“Would you like a song tonight?”
I wonder if he heard the catch in my breath as I asked. I did.
Each night, I wonder if it will be the last time. I’ve sung “Baby Mine” about 2,700 times. That’s not an exaggeration. For years, he hasn’t been able to settle into slumber without it. Although in the past year, there have been breaks in the streak.
“Mom, I’m getting a little old for a song.”
“Ok, buddy, no problem.”
Or, “Can you just rub my back tonight?”
All signs pointing toward the beginning of the end. My responses may have been calm but I heard a small crack form inside.
My daughter’s song was “Edelweiss” but we had a much shorter run. When my son was born, we split night-time duties. My husband took over stories and “Bunkysuits” with my almost two-year old while I nursed and rocked, all hours of the night.
It continued in that pattern, long after the rocking chair was sold and my body was once again my own. Stories, snuggles, prayer, song. I’d hear them singing together, her voice octaves above.
“Lay down, my dear brother. Lay down and take your rest. I want to lay your head down upon your savior’s breast…”*
It looks much different now. There is no bedtime story, no sneaking out. Instead, there are longer conversations. The stressors, the questions come out as they exhale their day. But each night still ends with a song.
I told my mother the other day that, while it is indeed going too fast, I love every stage for different reasons. Each unfolding comes with new discoveries and new challenges. And yet, with each milestone, each step away from childhood, that crack widens.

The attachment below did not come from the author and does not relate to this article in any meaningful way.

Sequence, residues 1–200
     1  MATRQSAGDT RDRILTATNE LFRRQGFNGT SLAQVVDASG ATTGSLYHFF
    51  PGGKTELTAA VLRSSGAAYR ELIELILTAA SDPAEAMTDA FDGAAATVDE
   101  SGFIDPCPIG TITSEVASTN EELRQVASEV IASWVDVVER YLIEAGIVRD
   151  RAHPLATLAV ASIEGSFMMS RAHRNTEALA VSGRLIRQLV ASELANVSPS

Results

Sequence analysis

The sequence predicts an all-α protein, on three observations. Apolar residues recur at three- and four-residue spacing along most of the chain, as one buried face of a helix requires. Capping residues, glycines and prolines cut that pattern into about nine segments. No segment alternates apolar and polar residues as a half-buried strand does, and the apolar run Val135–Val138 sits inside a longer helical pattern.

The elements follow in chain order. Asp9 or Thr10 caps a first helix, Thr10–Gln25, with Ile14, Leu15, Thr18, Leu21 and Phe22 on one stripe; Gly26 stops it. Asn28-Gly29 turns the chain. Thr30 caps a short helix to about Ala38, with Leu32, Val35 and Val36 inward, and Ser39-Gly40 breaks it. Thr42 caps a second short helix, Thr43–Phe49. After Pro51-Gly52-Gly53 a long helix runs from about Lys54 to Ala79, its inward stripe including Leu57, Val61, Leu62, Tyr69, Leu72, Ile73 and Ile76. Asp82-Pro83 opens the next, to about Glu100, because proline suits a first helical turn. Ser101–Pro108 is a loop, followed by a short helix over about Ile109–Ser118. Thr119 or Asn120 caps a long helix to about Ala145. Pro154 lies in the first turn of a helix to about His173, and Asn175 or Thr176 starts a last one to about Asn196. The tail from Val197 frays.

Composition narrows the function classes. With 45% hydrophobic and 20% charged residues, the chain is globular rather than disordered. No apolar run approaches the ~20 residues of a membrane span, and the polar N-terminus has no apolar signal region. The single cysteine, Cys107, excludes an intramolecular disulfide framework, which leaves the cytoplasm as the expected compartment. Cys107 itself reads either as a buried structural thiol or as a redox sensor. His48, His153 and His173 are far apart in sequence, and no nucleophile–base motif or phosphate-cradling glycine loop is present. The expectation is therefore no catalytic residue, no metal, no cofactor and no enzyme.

It is rare that my daughter asks for a song from me now. It is a bond she shares more with her father. It naturally happened that way and it is beautiful. She still wants me to pray with her and shares her fears and wonders in whispers as I rub her head. I still do the same with my mother. I don’t fear the loss of time with her in the same way.
There will be a time when he won’t hold my hand. A time when he won’t wink at me from home plate. A time when he won’t run over for a sweaty kiss between buckets. He won’t ask for a nighttime snuggie. Or a song.
Through the years, he’s asked about the meaning behind the lyrics.
“Why are they scolding him?”
I changed the words from “you’re not much” to “you’re so much” because I knew he would be sensitive to that.
When I’d sing,”Rest your head, close to my heart, never apart,” he would do just that.
Last night, he decided he did, indeed, want a song. That catch in my breath became audible as I sang. The crack in my heart became a crack in my voice. I’m sure that is how it will be now. Every break in the streak, another little break in my heart, wondering if it will be the last time. Because, no matter how old he is, he is indeed “so precious to me” and will always be my baby.
*Lyrics by Aaron Neville, sung in the style of The Grateful Dead